Winner of the Scholly + CommonBond $10,000 Scholarship.

“I see myself financially stable, with good credit, hopefully still in the Marine Corps, leading Marines,” Robinson said. “At that point in my life, I will start giving back to my community.”

For now, he’s on the receiving end — and with goals like these, it’s clear that he’s a deserving candidate.

This month, Robinson was awarded a $10,000 scholarship from Scholly & CommonBond. The award furthers Scholly’s commitment to connecting students with scholarship opportunities nationwide, and CommonBond’s goal of making higher education financing more affordable and transparent to invest in the futures of students.

Robinson found out about the scholarship opportunity by simply searching through opportunities on the Scholly mobile app. But how did he find out that he’d actually won?

“Honestly, I was just getting out of a rifle drill with the Naval Reserve Officer Training Corps (NROTC), and I saw the email and I ran out of the room,” said Robinson, a current freshman pursuing his bachelor’s degree at Savannah State University in Georgia. “The first thing I did was share the news with one of my senior officers.”

“I couldn’t believe that I was awarded so much money — $10,000 means I can be comfortable financially because I won’t have student debt this year, and I can continue to focus on preparing myself for the Marine Corps mentally, physically and spiritually when I graduate from college.”

Robinson is hopeful his education will lead him to where he wants to be in a decade. Looking back, Bobby has already overcome a number of obstacles to achieve his goals.

For one, no one in his family had ever gone to college.

Born in Miami, Robinson grew up hoping that a scholarship to play football would pave the way to a four-year school (and even the National Football League). When he realized his more realistic route of attending college came via enlisting, he did just that.

“I made a goal to be the first in my family to attend college, but I never knew how I was going to be able to pay for college since my mom was not able to be able to pay,” he said. “But I knew some way or somehow I was going to make it through college without her worrying.”

“I made a goal to be the first in my family to attend college, but I never knew how I was going to be able to pay for college since my mom was not able to be able to pay,” he said. “But I knew some way or somehow I was going to make it through college without her worrying.”

A $10,000 scholarship certainly helps.

Robinson’s tuition is covered by the Navy, but his actual cost of attendance is financed in a number of ways. He was previously awarded a Pell Grant and took subsidized and unsubsidized federal loans from the government, and said the Scholly-CommonBond check will help him cover the costs of his housing (nearly $4,000). He also credited Savannah State’s financial aid counselors with helping him find as much gift aid as he can grab.

Robinson said he will continue to use Scholly’s app to find scholarship listings, and he is just getting familiar with CommonBond, which recently launched student loans for undergraduates like him as well as for graduate students.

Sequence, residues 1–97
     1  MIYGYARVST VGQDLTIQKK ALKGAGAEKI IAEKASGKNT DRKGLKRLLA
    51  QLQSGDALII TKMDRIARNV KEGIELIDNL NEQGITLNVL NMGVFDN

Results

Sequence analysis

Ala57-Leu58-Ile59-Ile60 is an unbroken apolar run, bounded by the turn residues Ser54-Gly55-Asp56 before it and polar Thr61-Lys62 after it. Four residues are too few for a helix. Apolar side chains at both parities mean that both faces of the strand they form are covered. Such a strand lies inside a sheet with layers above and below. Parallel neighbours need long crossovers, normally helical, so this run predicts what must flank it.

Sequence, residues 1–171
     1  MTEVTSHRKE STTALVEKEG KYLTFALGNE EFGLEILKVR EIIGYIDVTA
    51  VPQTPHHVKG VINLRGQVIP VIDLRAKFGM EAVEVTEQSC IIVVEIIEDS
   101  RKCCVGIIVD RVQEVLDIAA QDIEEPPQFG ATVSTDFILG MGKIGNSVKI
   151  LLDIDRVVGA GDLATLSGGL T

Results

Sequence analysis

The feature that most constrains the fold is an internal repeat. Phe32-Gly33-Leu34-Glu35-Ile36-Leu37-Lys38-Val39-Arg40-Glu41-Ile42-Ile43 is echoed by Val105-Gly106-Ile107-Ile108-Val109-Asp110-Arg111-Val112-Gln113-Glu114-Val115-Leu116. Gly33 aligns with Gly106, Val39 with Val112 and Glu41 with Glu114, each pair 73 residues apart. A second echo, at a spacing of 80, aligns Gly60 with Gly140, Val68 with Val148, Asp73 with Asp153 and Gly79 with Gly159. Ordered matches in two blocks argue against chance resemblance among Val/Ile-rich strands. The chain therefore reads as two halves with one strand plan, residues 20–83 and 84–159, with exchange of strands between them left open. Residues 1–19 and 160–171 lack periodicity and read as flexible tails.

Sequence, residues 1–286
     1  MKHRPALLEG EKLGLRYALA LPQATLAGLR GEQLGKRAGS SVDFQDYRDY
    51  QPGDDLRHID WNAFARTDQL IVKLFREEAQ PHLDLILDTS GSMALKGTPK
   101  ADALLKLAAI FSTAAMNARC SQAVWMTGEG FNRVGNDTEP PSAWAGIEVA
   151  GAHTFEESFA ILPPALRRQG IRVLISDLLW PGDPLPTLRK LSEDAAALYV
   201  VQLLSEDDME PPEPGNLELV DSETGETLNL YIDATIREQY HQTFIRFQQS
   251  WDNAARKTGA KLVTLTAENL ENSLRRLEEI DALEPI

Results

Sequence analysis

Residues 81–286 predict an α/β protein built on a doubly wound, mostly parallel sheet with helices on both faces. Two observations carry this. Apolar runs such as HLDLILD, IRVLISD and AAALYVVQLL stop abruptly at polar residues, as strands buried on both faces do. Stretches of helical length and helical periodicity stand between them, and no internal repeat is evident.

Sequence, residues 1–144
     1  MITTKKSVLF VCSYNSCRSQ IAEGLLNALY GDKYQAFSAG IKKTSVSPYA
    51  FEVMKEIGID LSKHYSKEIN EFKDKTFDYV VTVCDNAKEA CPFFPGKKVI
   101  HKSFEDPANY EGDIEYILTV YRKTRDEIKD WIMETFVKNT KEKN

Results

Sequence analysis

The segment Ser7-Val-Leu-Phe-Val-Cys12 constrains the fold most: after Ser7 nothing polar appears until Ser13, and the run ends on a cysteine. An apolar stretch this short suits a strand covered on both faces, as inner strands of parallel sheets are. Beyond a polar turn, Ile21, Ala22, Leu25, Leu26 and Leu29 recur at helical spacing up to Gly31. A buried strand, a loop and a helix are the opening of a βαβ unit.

If his dream of becoming a Marine Corps Officer in three years comes to fruition, Robinson plans to use his active duty salary to pay off his student loan debt within three years of graduating.

Before looking too far ahead, of course, he’s thinking more pointedly about what is of most concern to many students in America — his next year of college.

“I’m excited about sophomore year because I will be going into fall semester with an actual feel of college, so I will know what to expect and how to better balance class, work and NROTC,” he said. “I look forward to taking the good and the bad from my freshman year and applying it to my sophomore year to better myself as an individual, as a scholar and as a leader.”

Robinson, long interested in psychology, is majoring in behavioral analysis. He said he hopes to use his degree to communicate effectively with senior and junior Marines.

“My freshman year has been quite challenging,” Robinson said. “As Midshipmen, we have to realize that we are not the average college student. It’s a lot of responsibility as soon as you step foot on campus.”

About Scholly and CommonBond

Scholly is the scholarship-matching platform that has helped high school seniors, current undergraduates, and graduate students win over $70 Million for their education. Our web and mobile app turns the long months of search for scholarships into minutes, by delivering a smarter, targeted list of scholarships that are uniquely suited to you. It was created by Christopher Gray who won $1.3 million in scholarships through hard work, grit and determination. Realizing how broken and time consuming this process was, he and his team created Scholly to make things a lot easier for you. Find out more, and join Scholly at

CommonBond is a financial technology company on a mission to give students and graduates more transparent, simple, and affordable ways to pay for higher education. By designing a better student loan experience that combines advanced technology with competitive rates and award-winning customer service, CommonBond has funded $1 billion in loans for its tens of thousands of members. The company’s enterprise platform, CommonBond for Business™, enables employees to receive a suite of student loan repayment benefits from their employer. CommonBond is the first and only finance company with a “one-for-one” social mission: for every loan it funds, CommonBond also funds the education of a child in need, through its partnership with Pencils of Promise. For more information, visit